I hope others can chime in with their own opinions and info....be safe out there..... 

Edited by DeepBlue85

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Good info , additionally, KORKERS AT ALL TIMES!!!! No waders , EVER. Use a set up heavy enough to lift a 10 lb fish!!!!! No need to go down and deal with smalls. Heavy (60 lb+) long leader to deal with a fish easily. THINK BEFORE YOU MOVE. 

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Know the tide and what each current change will do to the swells.

I was at Shinnecock one bad day. No one was fishing from the beach out to the end.

Slack tide came and the swells laid down. A family with little kids showed up and wouldn't listen to anyone and walked out to the end to fish. On a good day I wouldn't take 5 and 6 yr old s out there.

Well tide changed and we got wind against tide. Police fire and coast guard rescued them from hanging on the light tower.

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43 mins ago, reelfire said:

Know the tide and what each current change will do to the swells.

I was at Shinnecock one bad day. No one was fishing from the beach out to the end.

Slack tide came and the swells laid down. A family with little kids showed up and wouldn't listen to anyone and walked out to the end to fish. On a good day I wouldn't take 5 and 6 yr old s out there.

Well tide changed and we got wind against tide. Police fire and coast guard rescued them from hanging on the light tower.

 

 

Absolutly wind against tide can abruptly double the height of incoming swells, a heavy outgoing current with south east swells rolling through are a bad combination and like you said, come on suddenly once the current turns.  

 

Edited by DeepBlue85

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waders are a death sentence. ive had two bad experiences when crashing wave filled the waders despite a surf belt. you aren't nibble and swift acting with rubber bags around your legs.

 

ive posted this before. I was at Moriches last summer, 30mph wind and a decent roll that was building. it was so windy i couldn't even close my car door. Two 2x4 taco trucks with families pulled and sent their kids past me to throw bait into white water. even my black lab was crying with concern.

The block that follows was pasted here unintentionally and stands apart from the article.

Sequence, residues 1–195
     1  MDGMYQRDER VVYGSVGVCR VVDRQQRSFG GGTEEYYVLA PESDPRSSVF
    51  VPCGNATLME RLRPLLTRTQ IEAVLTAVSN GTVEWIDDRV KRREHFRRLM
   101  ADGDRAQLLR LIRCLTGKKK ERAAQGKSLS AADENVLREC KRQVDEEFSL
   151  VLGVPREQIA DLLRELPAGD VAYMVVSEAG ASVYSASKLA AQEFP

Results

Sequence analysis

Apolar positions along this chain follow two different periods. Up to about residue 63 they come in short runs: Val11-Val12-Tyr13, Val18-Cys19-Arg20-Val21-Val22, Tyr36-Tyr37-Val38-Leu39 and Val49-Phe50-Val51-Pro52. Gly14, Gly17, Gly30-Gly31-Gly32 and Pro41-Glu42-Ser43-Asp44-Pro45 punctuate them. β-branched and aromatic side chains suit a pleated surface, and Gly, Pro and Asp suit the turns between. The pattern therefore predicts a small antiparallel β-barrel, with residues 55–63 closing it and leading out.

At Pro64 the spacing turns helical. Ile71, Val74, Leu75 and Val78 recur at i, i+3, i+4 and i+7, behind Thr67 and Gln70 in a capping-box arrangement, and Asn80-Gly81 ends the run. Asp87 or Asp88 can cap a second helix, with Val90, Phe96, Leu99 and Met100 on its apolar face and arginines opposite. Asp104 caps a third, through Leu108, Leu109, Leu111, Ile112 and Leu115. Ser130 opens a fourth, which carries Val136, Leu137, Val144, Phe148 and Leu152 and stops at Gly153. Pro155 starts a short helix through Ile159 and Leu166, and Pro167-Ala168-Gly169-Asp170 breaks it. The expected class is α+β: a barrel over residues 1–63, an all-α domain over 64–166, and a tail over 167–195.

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All good points that can never be said enough. I like how you pointed out "know where to go when.." strategy for big incoming waves or other sticky situations. I try and be mindful of that when picking a rock to know where to step back to to brace for a big wave or hang out for a bit if a bigger set is coming through. And plan where to bring fish up in advance so I'm not climbing down into dangerous areas and getting distracted by a bass then missing the wave coming dead at me. 

 

I feel like I see a lot of guys not having a plan before casting from a rock on a jetty, just step up and start firing plugs out as far out as they can. They can easily take a wave over top or dead on and risk getting knocked down when they could have looked around better, earlier...

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Here's my 2 cents.....

 

1. Try not to be the first or last guy on the jetty.  If you are either remember whatever happens you are 100% on your own.

2. If its just you and a stranger on the jetty and you are done for the day- let them know loud and clear "I'm leaving, you are now alone...."

3. Check what is behind you before every cast

4. If your not going to wear korkers at least stomp the sand off your shoes really good when you get to that first rock

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13 hours ago, pakalolo said: